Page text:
LifeWings Offers New Tool to Help Hospitals Measure Critical Safety Progress for 2015

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Major improvements are being made in the U.S. health care system and this new free tool from LifeWings can help hospitals easily and quickly measure critical results and ROI.

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a simple scorecard makes the meaning of success tangible for the people in your organization

LifeWings Partners LLC, a leader in patient safety improvement programs, today released a new tool to help health care leaders measure how well they are saving lives and improving the quality of their patients’ lives. The tool is simple—created from a customizable spreadsheet—but provides a new, powerful standard for health care leaders to quickly and consistently help their teams improve.

Despite ongoing challenges in the U.S. health care system, recent data indicate that the relentless improvement work done by many organizations is paying off. A report released by the Department of Health and Human Services shows that an estimated 50,000 fewer patients died in hospitals and approximately $12 billion in health care costs were saved as a result of the reduction in hospital-acquired conditions from 2010 to 2013. This translates to a 17 percent decline in hospital-acquired conditions over the three-year period. And the improvements are accelerating. In 2013 alone, almost 35,000 fewer patients died in hospitals, and approximately 800,000 fewer incidents of harm occurred, saving approximately $8 billion. Rich Umbdenstock, president and CEO of the American Hospital Association stated, “We have built an ‘infrastructure of improvement’ that will aid hospitals and the health care field for years to come and has spurred the results you see today."

LifeWings leaders created the tool, called the Patient Harm Index (PHI), in collaboration with a major health care system, initially to give the system’s executives a quick way to gauge the safety of its numerous hospitals and clinics. Typically, health care leaders must mine through volumes of data to get an accurate view of how their teams—and crucially, their significant investments—are performing. LifeWings professionals observed that typically the performance measures, even when accurately reported, were convoluted or never made it to people on the front line—team members like the surgery or radiology technicians. To fix this, LifeWings CEO Steve Harden devised a key performance indicator—one simple number—that would enable a hospital CEO, CFO, or Chief Quality Officer, and individual staff members to—in an instant—know if they are “winning” at their improvement efforts. Mr. Harden stated that, “after working with more than 150 health care organizations, we know that in the end, a simple scorecard makes the meaning of success tangible for the people in your organization. Front-line staff want to know that the efforts they are making to improve safety and quality are really working. We know that using this simple tool will enable organizations to reach more patient safety successes in 2015.”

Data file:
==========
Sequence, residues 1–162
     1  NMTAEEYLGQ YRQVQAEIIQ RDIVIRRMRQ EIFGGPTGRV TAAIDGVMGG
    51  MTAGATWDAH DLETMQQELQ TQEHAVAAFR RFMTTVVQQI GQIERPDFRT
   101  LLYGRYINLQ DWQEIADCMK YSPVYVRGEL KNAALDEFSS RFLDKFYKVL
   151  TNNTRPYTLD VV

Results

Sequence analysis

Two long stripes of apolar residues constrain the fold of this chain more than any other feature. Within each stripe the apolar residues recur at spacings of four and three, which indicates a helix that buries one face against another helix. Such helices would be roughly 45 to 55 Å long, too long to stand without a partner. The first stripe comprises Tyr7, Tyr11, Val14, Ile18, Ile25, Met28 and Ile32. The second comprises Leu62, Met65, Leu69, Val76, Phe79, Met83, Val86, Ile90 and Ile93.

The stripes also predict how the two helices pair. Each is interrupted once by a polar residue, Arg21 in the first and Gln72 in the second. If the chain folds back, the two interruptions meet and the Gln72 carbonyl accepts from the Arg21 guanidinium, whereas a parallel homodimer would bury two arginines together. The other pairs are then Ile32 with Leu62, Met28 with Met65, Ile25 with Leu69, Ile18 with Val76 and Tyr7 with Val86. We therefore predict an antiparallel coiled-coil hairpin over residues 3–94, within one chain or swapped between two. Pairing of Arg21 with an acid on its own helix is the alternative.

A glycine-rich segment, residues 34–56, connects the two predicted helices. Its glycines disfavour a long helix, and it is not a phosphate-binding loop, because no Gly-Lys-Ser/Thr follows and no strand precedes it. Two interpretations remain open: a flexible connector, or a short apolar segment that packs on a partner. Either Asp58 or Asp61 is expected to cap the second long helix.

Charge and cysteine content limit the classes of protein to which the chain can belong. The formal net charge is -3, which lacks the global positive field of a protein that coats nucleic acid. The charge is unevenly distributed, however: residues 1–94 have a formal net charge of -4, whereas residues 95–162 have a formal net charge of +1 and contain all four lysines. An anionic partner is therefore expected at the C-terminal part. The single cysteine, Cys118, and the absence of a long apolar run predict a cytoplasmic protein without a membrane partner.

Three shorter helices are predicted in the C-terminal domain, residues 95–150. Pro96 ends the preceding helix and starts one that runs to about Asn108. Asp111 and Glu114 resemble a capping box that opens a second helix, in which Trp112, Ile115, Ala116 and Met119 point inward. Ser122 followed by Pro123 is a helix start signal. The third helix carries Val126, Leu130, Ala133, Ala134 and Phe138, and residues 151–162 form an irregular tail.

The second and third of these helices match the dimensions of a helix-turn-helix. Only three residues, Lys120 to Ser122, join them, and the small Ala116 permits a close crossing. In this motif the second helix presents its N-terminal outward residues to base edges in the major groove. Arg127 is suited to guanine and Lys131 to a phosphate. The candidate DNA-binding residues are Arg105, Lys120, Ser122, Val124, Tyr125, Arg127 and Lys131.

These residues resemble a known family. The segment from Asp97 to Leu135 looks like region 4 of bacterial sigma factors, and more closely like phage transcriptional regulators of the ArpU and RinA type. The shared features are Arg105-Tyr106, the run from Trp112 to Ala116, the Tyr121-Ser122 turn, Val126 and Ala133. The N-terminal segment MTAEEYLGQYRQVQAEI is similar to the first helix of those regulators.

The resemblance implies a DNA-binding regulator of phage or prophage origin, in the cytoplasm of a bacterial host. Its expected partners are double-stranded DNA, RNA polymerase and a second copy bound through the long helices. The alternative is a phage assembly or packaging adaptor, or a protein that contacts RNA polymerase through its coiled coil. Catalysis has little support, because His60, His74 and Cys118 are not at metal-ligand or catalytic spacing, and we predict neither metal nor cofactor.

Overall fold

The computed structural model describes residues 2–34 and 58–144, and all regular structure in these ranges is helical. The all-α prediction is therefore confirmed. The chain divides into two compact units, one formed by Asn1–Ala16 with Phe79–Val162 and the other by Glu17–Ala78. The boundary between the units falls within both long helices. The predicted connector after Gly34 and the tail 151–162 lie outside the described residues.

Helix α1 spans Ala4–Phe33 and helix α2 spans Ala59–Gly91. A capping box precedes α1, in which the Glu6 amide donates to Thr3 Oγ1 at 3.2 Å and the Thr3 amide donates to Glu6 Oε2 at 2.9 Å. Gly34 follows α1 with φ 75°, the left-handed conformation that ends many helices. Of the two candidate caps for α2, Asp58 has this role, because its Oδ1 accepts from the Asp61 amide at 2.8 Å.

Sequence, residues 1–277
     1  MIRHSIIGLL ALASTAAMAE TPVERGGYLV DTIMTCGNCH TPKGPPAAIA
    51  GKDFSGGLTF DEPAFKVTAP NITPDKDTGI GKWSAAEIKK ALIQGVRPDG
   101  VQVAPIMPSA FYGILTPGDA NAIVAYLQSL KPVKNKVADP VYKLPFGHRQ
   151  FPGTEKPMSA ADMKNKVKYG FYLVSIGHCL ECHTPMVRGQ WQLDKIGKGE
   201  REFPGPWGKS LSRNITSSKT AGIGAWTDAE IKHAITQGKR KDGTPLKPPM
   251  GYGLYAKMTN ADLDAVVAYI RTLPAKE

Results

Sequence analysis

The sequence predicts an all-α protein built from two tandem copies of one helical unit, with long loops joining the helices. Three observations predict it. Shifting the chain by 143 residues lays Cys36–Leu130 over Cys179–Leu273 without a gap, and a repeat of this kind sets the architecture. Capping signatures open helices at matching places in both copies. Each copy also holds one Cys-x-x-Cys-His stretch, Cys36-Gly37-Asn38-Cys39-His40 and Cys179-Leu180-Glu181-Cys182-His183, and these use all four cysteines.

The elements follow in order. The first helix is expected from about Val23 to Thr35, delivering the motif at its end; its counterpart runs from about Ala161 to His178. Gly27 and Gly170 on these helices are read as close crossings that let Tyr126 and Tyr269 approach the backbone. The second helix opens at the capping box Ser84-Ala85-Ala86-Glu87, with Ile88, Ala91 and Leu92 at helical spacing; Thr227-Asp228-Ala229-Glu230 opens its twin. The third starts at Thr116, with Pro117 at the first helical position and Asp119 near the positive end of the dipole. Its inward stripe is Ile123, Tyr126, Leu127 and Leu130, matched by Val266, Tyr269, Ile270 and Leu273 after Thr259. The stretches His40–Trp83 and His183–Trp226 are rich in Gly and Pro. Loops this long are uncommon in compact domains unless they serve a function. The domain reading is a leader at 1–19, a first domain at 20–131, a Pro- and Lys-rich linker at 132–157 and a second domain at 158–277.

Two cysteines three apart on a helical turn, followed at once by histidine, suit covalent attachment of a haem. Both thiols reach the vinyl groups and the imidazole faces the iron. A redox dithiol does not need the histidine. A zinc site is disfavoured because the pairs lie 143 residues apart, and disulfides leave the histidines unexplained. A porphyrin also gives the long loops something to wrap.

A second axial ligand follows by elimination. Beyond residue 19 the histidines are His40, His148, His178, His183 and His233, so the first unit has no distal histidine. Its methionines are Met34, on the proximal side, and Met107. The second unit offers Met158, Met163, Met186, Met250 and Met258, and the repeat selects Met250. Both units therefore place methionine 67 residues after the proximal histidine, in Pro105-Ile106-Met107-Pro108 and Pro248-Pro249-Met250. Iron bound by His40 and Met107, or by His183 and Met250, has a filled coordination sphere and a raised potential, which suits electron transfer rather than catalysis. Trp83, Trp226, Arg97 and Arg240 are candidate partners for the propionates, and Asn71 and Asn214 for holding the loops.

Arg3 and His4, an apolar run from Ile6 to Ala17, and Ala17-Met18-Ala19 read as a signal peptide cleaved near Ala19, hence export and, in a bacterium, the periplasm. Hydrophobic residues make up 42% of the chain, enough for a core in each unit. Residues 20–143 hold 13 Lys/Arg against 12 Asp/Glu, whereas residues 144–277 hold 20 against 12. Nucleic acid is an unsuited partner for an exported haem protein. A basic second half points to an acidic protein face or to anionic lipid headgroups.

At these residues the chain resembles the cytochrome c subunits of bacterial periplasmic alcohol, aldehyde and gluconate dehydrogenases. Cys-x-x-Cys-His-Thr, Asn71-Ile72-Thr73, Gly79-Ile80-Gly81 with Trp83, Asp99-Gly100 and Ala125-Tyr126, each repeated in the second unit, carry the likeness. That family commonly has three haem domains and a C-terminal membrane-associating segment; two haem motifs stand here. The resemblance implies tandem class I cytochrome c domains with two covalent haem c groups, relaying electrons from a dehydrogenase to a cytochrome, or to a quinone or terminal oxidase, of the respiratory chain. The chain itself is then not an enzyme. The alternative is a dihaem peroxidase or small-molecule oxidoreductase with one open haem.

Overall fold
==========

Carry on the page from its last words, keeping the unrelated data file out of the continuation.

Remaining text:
Mr. Harden drew on best practices of Fortune 500 companies with exceptional quality measures and created a way to get a composite number that would reflect performance and progress in any health care setting.

The tool, available for free at, includes instructions, an Excel template, and an example currently in use at a major health care system.

For a limited time, LifeWings is offering a free 30-minute one-on-one workshop to health care personnel who are interested in creating their own Patient Harm Index. Workshops may be scheduled by contacting LifeWings here.

About LifeWings
LifeWings Partners, LLC is a team of physicians, nurses, Toyota-trained Lean experts, health risk managers, astronauts, military surgeons, and flight crews. Its team was the first in the U.S. to study the best practices of organizations with high reliability, and successfully adapt their strategies for use in health care. LifeWings has distilled the methodology used in commercial aviation, military aircraft carriers, nuclear submarines, and cutting-edge manufacturing to help health care organizations create safe, efficient, high-quality hospitals and clinics.

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Stephen Harden
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